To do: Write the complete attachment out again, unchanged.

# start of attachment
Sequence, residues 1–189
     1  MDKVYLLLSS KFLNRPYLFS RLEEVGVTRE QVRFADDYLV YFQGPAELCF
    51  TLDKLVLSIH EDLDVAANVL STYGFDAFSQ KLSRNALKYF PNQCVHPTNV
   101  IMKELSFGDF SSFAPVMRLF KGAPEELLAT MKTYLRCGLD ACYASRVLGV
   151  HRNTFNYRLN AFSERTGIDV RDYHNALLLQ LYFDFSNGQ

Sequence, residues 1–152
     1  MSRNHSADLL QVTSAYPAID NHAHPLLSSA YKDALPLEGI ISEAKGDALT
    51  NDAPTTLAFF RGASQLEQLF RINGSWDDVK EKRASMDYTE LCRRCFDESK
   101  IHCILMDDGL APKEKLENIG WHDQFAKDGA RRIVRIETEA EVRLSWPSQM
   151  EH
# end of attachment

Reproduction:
Sequence, residues 1–189
     1  MDKVYLLLSS KFLNRPYLFS RLEEVGVTRE QVRFADDYLV YFQGPAELCF
    51  TLDKLVLSIH EDLDVAANVL STYGFDAFSQ KLSRNALKYF PNQCVHPTNV
   101  IMKELSFGDF SSFAPVMRLF KGAPEELLAT MKTYLRCGLD ACYASRVLGV
   151  HRNTFNYRLN AFSERTGIDV RDYHNALLLQ LYFDFSNGQ

Sequence, residues 1–152
     1  MSRNHSADLL QVTSAYPAID NHAHPLLSSA YKDALPLEGI ISEAKGDALT
    51  NDAPTTLAFF RGASQLEQLF RINGSWDDVK EKRASMDYTE LCRRCFDESK
   101  IHCILMDDGL APKEKLENIG WHDQFAKDGA RRIVRIETEA EVRLSWPSQM
   151  EH